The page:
7-Year-Old Boy Killed in Crash at Florida ATV Park | Florida ATV Accident Lawyers Whittel & Melton


Officials say that a 7-year-old child who died in a mishap at a Florida ATV park this week was not wearing a helmet at the time.
The child was seated behind a 32-year-old man driving an ATV when the vehicle overturned on Sunday, April 21, at the Hog Waller Campground and ATV Resort in Palatka, according to the Florida Highway Patrol.

The ATV made a sharp turn and overturned onto the boy as he collided into a tree stump.

The 32-year-old suffered minor injuries, while the boy died at a nearby hospital.

With this incident, the park has now seen four fatalities since 2019.

The FHP claims that the victims were not wearing a helmet at the time of the crash.

Florida law states that Operators of off-highway vehicles and riders under the age of 16 are required to wear safety helmets and eye protection certified by the USDOT. Riders of all ages are highly recommended to use eye protection and helmets.

Untitled-design-1-200x300Both adults and children are apparently required to sign two waivers before entering the park, according to reports. Signers of the waiver agree to assume certain risks, including the loss of all rights to compensation and legal action for any kind of personal injury, including death.

All-terrain vehicles, or ATVs, provide an exciting way for riders to experience the great outdoors and explore tough terrain. Wearing a helmet is an important component of ATV safety that is sometimes disregarded, but our Florida ATV Accident Lawyers cannot stress enough how important it is to wear a helmet, especially considering the possible risks connected to ATV collisions.

In the event of an ATV crash, wearing a helmet greatly lowers the chance of suffering a traumatic brain injury (TBI). A helmet reduces the risk of serious brain damage by serving as a protective barrier that absorbs and distributes impact force. It is essentially a vital barrier that protects the rider’s head from harsh surfaces like rocks, tree branches or stumps, or the ground itself in the event of an accident.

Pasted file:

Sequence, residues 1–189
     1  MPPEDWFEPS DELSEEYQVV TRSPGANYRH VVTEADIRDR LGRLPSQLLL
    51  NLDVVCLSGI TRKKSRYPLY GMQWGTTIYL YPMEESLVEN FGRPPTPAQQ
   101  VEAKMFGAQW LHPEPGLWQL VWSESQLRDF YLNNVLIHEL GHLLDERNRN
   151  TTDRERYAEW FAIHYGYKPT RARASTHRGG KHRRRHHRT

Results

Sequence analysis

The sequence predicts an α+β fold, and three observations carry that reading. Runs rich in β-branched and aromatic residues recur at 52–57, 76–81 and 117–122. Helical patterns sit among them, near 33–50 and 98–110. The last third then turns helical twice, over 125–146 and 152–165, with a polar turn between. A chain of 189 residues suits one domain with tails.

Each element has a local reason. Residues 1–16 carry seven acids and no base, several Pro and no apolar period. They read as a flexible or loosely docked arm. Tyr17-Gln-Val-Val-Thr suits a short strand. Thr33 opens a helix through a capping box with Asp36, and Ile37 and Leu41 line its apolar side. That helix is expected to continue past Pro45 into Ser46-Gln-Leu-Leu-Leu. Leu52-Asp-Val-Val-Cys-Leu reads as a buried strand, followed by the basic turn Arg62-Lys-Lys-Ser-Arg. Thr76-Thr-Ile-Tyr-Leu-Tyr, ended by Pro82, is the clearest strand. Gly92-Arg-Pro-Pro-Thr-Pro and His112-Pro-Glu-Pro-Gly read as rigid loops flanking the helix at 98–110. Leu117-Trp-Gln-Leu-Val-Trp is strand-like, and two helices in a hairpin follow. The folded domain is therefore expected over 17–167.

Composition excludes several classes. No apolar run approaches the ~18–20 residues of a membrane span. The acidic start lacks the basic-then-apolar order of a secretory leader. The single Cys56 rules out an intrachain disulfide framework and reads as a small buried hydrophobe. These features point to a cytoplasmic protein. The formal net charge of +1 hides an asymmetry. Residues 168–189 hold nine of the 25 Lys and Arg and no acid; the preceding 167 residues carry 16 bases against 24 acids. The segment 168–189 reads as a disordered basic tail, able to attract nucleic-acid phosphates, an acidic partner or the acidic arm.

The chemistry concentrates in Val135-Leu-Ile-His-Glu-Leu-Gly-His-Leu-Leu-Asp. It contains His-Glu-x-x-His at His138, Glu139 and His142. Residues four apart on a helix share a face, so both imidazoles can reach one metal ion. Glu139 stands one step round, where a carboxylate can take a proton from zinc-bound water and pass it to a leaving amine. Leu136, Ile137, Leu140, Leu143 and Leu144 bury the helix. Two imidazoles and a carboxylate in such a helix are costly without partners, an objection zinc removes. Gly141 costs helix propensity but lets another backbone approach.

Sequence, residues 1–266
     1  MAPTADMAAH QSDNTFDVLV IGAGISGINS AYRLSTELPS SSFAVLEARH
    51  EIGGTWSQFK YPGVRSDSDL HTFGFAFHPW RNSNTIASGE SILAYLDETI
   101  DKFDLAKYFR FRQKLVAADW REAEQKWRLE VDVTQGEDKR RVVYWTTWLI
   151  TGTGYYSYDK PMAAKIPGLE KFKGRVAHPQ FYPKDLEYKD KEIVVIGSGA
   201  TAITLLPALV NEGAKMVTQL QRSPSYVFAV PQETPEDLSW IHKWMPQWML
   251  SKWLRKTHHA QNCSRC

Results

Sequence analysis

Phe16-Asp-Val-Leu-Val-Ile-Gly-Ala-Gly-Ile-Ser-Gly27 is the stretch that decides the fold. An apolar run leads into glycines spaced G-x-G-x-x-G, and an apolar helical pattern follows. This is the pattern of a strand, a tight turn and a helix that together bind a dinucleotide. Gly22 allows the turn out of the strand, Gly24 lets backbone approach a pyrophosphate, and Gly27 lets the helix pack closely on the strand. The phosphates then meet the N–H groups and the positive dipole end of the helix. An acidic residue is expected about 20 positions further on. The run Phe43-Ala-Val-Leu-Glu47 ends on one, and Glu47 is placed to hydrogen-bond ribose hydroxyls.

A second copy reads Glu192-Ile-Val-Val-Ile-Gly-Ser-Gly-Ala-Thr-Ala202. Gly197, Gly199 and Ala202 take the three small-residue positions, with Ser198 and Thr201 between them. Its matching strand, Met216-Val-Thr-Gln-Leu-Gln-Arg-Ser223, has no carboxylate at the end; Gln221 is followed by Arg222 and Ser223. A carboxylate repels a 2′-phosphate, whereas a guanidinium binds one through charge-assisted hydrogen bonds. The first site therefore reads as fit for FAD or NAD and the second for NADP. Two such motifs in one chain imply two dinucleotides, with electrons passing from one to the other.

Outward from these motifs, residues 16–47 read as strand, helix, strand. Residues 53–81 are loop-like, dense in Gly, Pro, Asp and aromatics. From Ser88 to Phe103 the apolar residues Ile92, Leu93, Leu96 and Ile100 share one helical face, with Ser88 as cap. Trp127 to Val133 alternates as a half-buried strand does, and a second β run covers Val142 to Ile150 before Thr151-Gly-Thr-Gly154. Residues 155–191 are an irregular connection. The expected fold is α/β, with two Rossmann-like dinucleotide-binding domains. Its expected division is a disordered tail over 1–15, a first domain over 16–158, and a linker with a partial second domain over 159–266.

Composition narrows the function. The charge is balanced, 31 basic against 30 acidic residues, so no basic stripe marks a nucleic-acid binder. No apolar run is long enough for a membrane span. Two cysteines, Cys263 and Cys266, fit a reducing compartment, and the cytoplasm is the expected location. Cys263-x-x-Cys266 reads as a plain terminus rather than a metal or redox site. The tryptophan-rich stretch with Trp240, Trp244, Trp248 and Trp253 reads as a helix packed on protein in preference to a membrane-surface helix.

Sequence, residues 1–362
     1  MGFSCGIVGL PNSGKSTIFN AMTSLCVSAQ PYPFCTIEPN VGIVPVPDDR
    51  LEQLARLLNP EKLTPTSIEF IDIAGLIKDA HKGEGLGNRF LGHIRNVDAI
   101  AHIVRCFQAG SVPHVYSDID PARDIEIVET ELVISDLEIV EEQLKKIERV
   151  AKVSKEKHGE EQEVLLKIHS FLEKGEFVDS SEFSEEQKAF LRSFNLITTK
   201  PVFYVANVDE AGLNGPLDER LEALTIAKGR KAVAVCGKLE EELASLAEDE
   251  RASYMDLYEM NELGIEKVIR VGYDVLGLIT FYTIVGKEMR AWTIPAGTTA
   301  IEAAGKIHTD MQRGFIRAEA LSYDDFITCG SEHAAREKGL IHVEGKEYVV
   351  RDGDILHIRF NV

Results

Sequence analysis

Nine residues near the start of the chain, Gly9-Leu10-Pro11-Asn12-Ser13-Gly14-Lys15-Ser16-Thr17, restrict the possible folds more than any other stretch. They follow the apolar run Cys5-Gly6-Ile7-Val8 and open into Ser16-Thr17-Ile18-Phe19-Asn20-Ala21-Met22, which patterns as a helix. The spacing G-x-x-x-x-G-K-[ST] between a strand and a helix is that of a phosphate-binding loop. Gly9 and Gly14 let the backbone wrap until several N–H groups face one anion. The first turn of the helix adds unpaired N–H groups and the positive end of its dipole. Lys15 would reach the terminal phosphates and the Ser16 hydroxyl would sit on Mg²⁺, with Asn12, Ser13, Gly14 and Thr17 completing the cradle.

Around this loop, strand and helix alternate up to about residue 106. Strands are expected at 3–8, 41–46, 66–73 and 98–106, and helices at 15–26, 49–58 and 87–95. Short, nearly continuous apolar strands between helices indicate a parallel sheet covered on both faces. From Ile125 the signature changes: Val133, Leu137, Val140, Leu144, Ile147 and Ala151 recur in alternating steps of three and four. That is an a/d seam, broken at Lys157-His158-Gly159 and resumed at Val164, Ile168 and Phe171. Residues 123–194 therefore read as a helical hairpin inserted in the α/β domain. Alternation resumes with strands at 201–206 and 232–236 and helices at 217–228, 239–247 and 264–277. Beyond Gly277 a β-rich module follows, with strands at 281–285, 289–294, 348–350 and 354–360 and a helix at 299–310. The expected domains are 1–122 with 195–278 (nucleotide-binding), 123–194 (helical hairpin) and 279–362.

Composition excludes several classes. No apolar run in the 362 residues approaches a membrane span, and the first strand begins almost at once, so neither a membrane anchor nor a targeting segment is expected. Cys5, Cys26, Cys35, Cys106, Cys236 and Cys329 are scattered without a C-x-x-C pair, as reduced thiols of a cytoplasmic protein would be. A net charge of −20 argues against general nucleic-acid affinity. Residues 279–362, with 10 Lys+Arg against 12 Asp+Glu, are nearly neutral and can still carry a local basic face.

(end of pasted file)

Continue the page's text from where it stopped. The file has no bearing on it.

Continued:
The Numbers Don’t Lie

The most recent report from the CPSC indicates that 2,211 fatalities in the US between 2016 and 2018 were related to off-highway vehicles (OHVs), which include utility-terrain vehicles, all-terrain vehicles, and recreational off-highway vehicles. Almost 75% of the fatalities were caused by ATVs. Children under the age of 16 accounted for over 300 of the deaths.
According to CPSC estimates, 112,300 injuries related to OHVs were attended to in hospital emergency rooms across the United States in 2020. ATVs accounted for 96% of all OHV injuries over a five-year period.
Florida has been named a top state for ATV deaths. In fact, 931 deaths, or more than 42% of all off-highway vehicle deaths, occurred in these 10 states between 2016 and 2018: Texas, West Virginia, Pennsylvania, Kentucky, California, Florida, North Carolina, New York, Alabama, and Michigan.

At Whittel & Melton, we are aware of the risks that ATVs represent. If you were hurt or lost a family member because of an ATV rider’s negligence or recklessness, you may be able to file a lawsuit. We can help you understand what your legal options are after an ATV accident in Florida. Call us today at 866-608-5529 or contact us online for a free consultation.

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